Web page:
H.R. 4619/S. 2591, the Whistleblower Augmented Reward and Nonretaliation Act (or WARN Act), would strengthen protections for whistleblowers who expose bankster criminality. Currently the financial sector doesn't protect whistleblowers very well, which is, I guess, how you'd expect things to be in a world where banksters poop all over the economy but good Americans have to clean it all up. But the WARN Act would mandate rewards for financial industry whistleblowers and afford them the opportunity for relief if their employers have discriminated against the whistleblower (i.e., by firing them or harassing them). No doubt Republicans and their "moderate" Democrat friends will tell us the financial sector doesn't need to live under the "threat" of more lawsuits. Ah, hello? The financial sector nearly destroyed this economy, and is continuing to destroy it; thus I care little for their feelings. So the National Whistleblowers Center helps you tell your Congressfolk to support financial sector whistleblowers.
Meanwhile, National People's Action helps you tell the Consumer Financial Protection Bureau to crack down on predatory lending in America. "Every day that goes by without a strong rule means more families sucked into the debt trap and more dollars stolen from our local economies," NPA tells us, and it's hard to argue with that, when payday and car title lenders force people into 300% loans from which they can't escape. Of course, right-wingers tell us that today's generation is just too lazy to do the hard work of making a good life. These right-wingers are the kind of folk who would watch someone carrying 40 pounds on their back, put 40 more pounds on their back, and then call them "lazy" when they drop the load. People aren't "lazy" if they default on loans that lenders specifically design to keep them in debt forever -- they're just doing what they need to do to survive. How about we help them by forcing lenders to issue loans people can actually repay?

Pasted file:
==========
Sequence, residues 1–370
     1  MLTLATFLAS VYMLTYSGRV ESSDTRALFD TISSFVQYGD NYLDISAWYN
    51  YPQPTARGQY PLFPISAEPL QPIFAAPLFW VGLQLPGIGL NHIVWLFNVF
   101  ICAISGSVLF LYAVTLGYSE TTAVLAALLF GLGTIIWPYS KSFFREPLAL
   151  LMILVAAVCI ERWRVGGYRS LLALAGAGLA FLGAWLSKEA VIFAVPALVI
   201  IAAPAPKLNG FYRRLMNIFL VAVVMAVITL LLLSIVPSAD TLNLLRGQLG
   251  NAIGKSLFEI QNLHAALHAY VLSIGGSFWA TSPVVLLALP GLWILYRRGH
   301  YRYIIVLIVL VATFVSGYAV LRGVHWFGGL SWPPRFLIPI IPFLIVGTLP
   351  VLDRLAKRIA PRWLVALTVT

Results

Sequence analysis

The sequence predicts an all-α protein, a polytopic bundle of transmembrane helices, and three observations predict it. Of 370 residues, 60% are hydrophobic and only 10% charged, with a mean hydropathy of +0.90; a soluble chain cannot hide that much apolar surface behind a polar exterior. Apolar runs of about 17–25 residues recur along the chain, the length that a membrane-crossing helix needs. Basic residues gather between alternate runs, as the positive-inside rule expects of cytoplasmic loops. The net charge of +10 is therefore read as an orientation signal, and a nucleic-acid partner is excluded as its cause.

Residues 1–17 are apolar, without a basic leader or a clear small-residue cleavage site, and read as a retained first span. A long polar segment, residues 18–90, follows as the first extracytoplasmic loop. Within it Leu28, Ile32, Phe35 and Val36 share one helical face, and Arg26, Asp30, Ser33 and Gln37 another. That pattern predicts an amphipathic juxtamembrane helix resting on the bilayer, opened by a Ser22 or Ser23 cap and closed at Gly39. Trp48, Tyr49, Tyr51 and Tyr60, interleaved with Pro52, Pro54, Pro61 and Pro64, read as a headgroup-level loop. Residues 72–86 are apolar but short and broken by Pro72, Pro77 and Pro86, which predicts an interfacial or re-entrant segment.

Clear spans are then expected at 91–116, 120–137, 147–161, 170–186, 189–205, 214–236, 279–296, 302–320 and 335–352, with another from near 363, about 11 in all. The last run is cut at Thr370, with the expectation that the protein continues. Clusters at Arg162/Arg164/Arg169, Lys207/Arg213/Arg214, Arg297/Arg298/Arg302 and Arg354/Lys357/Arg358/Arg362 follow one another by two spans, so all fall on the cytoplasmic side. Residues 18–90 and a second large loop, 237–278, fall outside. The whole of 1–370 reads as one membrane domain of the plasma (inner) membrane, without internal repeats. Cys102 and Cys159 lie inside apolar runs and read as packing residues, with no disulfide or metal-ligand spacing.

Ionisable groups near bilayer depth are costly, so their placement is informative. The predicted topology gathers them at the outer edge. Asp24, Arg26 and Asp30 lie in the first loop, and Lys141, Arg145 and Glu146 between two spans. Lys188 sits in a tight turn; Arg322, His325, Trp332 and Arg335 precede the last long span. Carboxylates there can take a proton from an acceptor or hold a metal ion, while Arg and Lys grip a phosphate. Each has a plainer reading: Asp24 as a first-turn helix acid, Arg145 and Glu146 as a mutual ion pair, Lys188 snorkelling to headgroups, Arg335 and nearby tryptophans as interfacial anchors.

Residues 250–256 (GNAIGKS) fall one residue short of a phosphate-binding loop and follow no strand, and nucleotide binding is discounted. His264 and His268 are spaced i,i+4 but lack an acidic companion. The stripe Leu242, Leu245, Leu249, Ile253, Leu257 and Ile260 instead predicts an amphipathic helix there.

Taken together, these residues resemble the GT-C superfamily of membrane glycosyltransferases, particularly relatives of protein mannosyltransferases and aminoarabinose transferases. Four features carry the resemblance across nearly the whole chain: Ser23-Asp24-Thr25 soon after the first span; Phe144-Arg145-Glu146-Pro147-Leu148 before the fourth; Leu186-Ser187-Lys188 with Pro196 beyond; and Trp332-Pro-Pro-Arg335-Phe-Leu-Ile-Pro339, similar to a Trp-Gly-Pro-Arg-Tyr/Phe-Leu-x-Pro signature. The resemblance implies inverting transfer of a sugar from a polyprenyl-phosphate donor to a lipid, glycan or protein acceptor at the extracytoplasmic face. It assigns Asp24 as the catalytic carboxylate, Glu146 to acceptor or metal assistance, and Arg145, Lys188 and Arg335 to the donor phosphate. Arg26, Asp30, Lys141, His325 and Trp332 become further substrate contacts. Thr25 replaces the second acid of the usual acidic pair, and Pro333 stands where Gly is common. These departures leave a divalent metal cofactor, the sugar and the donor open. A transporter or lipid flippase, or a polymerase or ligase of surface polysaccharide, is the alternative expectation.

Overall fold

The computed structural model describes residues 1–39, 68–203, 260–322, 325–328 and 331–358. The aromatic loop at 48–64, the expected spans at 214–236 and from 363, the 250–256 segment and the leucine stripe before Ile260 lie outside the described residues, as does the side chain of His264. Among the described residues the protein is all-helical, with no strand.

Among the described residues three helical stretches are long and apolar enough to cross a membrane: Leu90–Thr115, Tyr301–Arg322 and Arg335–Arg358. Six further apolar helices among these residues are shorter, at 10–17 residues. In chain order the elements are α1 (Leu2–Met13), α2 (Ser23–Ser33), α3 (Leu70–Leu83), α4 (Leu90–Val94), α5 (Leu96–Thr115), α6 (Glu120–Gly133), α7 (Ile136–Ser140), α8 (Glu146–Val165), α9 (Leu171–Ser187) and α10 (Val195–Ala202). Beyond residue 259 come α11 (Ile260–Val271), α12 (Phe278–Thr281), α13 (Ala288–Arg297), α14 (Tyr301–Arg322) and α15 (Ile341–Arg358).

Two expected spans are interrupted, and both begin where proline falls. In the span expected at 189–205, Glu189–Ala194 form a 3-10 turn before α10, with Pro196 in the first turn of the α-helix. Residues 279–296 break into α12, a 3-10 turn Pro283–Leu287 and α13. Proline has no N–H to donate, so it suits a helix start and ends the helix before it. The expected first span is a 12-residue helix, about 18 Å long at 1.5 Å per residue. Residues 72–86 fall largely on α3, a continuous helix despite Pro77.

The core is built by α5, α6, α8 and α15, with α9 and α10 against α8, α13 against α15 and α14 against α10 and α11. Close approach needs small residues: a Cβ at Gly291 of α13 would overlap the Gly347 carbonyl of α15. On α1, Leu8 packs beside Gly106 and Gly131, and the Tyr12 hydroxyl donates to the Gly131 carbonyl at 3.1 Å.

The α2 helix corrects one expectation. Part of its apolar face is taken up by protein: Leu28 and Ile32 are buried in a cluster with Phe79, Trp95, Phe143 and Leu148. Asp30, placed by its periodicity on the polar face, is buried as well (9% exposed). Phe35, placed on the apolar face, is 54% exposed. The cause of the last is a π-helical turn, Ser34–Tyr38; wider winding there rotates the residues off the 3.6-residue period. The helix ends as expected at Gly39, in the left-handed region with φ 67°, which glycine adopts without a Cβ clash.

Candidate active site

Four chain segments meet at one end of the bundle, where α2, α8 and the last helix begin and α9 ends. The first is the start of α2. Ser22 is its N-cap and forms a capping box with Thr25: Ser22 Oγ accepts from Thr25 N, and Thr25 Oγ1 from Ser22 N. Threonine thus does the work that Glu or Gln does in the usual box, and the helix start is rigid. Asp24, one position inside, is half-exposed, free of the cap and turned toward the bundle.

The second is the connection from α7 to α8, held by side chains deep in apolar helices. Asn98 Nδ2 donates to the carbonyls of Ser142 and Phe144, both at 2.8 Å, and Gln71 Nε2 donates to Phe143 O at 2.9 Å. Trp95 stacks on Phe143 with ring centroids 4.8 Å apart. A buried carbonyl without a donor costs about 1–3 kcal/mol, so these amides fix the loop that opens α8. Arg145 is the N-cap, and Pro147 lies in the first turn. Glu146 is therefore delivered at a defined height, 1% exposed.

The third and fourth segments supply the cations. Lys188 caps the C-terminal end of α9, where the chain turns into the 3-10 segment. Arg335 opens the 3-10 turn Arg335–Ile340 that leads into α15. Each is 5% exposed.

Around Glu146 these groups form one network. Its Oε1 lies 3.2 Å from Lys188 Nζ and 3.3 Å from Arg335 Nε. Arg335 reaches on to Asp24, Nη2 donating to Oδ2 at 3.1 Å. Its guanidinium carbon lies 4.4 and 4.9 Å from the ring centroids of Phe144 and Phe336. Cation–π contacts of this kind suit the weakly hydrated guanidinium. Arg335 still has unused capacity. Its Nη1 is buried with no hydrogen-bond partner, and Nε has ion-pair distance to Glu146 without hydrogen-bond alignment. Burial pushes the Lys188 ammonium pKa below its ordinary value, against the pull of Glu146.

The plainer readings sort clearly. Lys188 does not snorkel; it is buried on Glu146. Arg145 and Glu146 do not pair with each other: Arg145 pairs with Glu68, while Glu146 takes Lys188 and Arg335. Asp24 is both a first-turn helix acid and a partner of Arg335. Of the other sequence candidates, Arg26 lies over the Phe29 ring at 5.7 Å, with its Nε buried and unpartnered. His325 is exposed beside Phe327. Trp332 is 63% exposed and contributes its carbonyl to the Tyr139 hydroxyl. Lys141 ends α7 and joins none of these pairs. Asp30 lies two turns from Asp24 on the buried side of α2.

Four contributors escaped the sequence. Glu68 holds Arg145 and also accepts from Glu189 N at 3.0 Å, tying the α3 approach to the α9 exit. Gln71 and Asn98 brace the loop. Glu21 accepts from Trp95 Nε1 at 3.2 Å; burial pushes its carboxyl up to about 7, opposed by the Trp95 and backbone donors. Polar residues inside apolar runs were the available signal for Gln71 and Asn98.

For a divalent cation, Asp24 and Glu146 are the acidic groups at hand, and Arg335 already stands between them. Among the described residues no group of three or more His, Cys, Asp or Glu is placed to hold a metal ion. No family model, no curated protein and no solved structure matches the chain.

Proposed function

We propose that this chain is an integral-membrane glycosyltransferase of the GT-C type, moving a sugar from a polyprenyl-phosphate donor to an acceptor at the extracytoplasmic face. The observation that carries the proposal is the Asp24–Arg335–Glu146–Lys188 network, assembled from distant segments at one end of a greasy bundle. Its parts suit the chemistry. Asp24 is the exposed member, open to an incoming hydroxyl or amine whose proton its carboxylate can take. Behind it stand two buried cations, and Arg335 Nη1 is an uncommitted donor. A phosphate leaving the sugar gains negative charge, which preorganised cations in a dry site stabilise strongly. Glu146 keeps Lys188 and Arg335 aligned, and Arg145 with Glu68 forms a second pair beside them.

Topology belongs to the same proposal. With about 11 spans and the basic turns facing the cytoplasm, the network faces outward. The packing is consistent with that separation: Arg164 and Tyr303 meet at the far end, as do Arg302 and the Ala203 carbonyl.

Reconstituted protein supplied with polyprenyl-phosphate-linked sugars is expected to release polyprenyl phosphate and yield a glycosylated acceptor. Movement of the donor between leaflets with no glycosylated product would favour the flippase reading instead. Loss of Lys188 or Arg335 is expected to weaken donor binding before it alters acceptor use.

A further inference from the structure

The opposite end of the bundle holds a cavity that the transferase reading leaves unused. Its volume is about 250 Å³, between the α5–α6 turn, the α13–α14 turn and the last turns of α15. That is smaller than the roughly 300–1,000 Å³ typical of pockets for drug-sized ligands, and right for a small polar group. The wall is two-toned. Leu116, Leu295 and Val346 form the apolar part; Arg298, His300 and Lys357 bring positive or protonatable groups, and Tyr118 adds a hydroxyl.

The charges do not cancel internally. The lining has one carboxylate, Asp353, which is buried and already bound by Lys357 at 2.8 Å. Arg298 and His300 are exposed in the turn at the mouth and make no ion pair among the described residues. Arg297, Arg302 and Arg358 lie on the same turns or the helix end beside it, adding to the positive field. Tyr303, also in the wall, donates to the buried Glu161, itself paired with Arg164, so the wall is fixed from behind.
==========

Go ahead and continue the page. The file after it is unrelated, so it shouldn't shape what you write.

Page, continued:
Finally, Moms Rising helps you tell Congress to pass sentencing reform this year. Again, we receive an urgent message: approximately one out of every 28 children in America have a parent in prison -- with most of these parents in prison on drug charges that warrant treatment rather than incarceration -- and these kids need their parents around, not just because it's harder for their remaining parent to do the job of two parents. But S. 2123, the Sentencing Reform and Corrections Act, doesn't let people out of prison willy-nilly -- it allows judges to grant shorter sentences to non-violent drug offenders and circumvent mandatory minimum sentences for others under certain circumstances. Naturally, our Great and Awesome Real American President Mitch McConnell hasn't scheduled a full Senate vote on this bill. You'd think he'd recognize bipartisanship when he sees it, or, even, just an opportunity to look like he knows what he's doing when he sees it. But that only means we need to press harder.